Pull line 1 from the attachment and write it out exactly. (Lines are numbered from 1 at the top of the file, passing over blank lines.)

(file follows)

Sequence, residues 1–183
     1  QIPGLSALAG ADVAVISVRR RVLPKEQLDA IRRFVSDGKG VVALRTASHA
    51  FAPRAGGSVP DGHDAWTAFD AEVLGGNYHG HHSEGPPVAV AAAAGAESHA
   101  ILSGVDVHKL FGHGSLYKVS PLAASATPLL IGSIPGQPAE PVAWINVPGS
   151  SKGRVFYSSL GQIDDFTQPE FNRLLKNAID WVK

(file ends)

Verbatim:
Sequence, residues 1–183